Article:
“When I started at the university, data privacy was at the bottom of the list of things I cared about,” said Himaja Motheram of the student group Tech for Social Good at the February 2 Student Data, Privacy, and ViziBLUE webinar. “I didn’t understand everything that I did online left a digital footprint behind. But that was a simplistic view of data privacy.”
Motheram, a former ITS intern, joined fellow former interns Tianyu Jiang and Julia Silverman, along with Taylor Murray and Ceciel Zhong of Tech for Social Good, for the webinar, which was part of the Privacy@Michigan event series recognizing Data Privacy Day. Svetla Sytch, assistant director of privacy and IT policy in ITS Information Assurance, facilitated the discussion.
The panelists shared their perspectives on privacy and introduced the new student guide to personal data—ViziBLUE. At ViziBLUE, U-M students can find out what personal information the university collects and how it is used and shared. Silverman walked participants through a typical day in the life of a U-M student, pointing out what data is collected during routine activities like getting a library book or connecting to WiFi. Information about that data collection and use is in ViziBLUE.
Jiang, who designed and conducted student interviews as part of her work on ViziBLUE through the ITS internship program, explained that “U-M wants to improve transparency about students’ data with ViziBLUE.” Based on the interview results, the project team refined the amount of information and its layout on the ViziBLUE dashboard to better meet student needs and interests.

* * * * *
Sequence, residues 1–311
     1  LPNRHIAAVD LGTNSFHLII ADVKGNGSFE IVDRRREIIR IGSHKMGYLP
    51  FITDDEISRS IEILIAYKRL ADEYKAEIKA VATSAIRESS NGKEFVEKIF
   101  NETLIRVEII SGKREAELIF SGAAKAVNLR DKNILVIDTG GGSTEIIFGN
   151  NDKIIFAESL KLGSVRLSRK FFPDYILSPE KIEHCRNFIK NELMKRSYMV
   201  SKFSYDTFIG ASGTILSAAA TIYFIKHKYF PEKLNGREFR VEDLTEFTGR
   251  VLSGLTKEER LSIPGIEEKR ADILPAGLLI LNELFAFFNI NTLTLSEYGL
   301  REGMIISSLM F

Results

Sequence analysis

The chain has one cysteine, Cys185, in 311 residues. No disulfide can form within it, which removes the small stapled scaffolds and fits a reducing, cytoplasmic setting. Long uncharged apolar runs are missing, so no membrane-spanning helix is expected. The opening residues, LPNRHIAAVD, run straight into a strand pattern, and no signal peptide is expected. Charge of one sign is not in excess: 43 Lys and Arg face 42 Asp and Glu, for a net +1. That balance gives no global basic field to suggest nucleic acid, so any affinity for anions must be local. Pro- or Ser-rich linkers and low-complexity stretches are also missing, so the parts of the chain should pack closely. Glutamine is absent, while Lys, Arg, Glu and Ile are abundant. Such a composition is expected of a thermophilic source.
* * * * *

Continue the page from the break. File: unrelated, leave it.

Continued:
Added Sytch: “U-M is committed to the responsible and ethical handling of your information. When it comes to privacy, ask questions and take action.”
Zhong said, “Our student group Tech for Social Good is committed to creating space for folks who want to advocate for social justice causes through the lens of working in technology.” The panelists said they see privacy as very much a social justice issue.
Said Murray, “Marginalized people especially are at risk of increased harm when their privacy is taken advantage of.” She added: “I want to inspire more people to talk more about privacy with other people. I want a culture where we are more open to talking about our privacy concerns.”
The panelists said that their understanding of privacy has changed as they have learned more. “Now data privacy is something that’s never an afterthought for me,” said Motheram, “and to me it means power to the people in a very specific sense.”
Slides from the webinar are available.